Cesare asked about sulfites, providing great links to articles by Andy Waterhouse of UC Davis. Sulfite addition probably dates to Roman and Egyptian times, when someone noticed that the fumes from burning brimstone (sulfur) inhibited spoilage. Up into the twentieth century the only means of adding sulfite (as sulfur dioxide – SO2) was by burning sulfur in wine containers before filling them. SO2 serves two functions in wine. It protects against oxidation and it also inhibits growth of (but does not kill) spoilage organisms like vinegar bacteria and Brettanomyces. We now know that SO2 is also produced by yeast, probably an evolved competitive edge against bacteria. Unfortunately, the amount of SO2 produced by yeast is usually not enough to fully protect wine during the aging process. There are a couple of wineries that don’t add any SO2; sometimes they succeed in making wine that isn’t either severely oxidized or microbially spoiled, sometimes not.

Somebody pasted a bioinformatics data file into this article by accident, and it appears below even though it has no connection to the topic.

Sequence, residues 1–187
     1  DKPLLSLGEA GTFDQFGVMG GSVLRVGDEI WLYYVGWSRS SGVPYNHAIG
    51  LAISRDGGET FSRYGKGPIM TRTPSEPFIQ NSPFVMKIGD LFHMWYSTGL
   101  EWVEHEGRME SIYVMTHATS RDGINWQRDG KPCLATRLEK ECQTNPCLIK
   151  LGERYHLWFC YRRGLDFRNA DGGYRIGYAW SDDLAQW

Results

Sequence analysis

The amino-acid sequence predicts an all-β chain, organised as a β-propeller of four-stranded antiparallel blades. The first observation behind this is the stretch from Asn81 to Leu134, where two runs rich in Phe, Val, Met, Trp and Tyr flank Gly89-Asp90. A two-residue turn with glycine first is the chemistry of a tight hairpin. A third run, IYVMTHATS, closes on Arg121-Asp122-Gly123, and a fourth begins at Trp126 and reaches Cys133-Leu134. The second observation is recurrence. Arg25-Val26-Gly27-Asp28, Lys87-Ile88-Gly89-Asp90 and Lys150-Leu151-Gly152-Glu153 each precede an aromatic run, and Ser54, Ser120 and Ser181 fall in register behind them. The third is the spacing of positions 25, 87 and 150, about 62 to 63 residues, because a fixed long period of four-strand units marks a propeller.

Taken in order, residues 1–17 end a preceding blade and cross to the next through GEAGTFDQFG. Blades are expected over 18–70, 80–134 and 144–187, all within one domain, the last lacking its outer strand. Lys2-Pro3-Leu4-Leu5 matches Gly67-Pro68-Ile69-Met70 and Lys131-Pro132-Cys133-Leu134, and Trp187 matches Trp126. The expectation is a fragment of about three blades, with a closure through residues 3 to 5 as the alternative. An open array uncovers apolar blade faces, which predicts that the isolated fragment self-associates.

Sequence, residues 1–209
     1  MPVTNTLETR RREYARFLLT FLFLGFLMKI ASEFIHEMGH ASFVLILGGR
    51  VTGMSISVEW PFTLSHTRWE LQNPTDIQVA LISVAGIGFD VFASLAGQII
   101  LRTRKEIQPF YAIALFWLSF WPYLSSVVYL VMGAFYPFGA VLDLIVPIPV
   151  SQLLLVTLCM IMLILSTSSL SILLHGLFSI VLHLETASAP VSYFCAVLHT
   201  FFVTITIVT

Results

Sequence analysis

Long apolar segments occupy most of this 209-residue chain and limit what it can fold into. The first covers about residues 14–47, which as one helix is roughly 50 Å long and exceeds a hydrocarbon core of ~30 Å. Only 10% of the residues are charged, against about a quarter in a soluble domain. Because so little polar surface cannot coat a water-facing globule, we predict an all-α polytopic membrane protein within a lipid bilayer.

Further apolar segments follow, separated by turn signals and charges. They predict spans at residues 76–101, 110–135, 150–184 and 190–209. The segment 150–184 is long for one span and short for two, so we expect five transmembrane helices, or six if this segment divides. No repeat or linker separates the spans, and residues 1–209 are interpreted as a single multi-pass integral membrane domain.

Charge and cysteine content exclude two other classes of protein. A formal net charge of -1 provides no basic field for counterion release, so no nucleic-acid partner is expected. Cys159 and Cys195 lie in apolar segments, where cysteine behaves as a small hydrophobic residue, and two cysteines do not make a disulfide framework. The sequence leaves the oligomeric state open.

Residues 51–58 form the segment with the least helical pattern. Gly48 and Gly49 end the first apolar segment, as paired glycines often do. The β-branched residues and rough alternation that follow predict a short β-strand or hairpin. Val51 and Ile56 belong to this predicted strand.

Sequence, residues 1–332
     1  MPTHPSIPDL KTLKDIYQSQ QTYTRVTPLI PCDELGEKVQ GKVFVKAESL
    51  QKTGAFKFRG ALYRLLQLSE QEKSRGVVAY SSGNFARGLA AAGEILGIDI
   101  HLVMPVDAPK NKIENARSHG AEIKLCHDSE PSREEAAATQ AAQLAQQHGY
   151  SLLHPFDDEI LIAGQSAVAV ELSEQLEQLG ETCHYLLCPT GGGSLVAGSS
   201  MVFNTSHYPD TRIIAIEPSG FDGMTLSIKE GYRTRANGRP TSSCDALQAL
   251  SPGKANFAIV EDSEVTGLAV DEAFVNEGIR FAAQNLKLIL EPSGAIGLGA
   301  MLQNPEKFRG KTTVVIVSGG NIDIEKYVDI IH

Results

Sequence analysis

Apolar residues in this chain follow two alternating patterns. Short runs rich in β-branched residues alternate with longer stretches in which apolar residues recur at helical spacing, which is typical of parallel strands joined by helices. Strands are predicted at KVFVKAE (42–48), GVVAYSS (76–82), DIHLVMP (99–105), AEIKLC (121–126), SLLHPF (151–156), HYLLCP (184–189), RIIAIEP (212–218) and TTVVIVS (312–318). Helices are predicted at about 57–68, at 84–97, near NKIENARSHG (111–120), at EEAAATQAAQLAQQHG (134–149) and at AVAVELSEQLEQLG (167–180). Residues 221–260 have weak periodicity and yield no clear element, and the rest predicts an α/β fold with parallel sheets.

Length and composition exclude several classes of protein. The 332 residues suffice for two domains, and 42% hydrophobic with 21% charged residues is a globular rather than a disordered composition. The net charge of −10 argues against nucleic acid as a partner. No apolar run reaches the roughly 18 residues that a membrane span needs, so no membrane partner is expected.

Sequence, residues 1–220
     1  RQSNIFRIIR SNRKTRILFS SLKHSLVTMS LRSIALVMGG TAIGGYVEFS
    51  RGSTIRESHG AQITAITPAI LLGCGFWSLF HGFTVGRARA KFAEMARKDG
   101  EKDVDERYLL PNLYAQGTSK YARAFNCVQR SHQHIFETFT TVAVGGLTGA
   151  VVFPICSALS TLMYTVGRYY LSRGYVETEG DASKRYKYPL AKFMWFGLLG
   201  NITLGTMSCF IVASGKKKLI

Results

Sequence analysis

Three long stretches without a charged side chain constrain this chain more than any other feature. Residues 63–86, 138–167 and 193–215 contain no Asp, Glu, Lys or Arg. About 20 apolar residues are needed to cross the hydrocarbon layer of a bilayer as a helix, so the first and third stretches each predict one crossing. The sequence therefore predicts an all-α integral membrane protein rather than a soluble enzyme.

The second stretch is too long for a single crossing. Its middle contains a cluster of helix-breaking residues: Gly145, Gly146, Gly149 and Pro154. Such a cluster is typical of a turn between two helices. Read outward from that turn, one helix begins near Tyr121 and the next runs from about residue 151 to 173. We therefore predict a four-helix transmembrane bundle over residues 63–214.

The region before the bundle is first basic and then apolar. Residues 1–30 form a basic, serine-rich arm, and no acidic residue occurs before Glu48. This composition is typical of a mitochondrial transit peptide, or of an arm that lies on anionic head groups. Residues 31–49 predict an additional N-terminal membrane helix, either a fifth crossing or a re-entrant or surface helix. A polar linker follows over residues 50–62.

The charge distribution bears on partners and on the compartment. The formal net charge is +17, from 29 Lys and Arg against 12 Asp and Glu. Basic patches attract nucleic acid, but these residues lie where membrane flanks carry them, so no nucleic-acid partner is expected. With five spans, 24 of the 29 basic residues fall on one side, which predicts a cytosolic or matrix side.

A lot of people complained about SO2 in wine after the mandatory warning label went into effect in the 80’s. “Since they started putting sulfites in wine it gives me headaches”, “Do sulfites cause cancer?”, “Why did you start using sulfites?”…. Sulfite levels are actually significantly lower than they were several decades ago. The main winemaking text I had at Davis, Technology of Wine Making by Amerine, Berg et al, 1980 edition, recommended 75 to 200 parts per million (PPM) of SO2 at the crusher. We typically add 20 to 25 PPM, and I don’t know of many wineries that use more than 60 PPM unless they’re dealing with rotten grapes.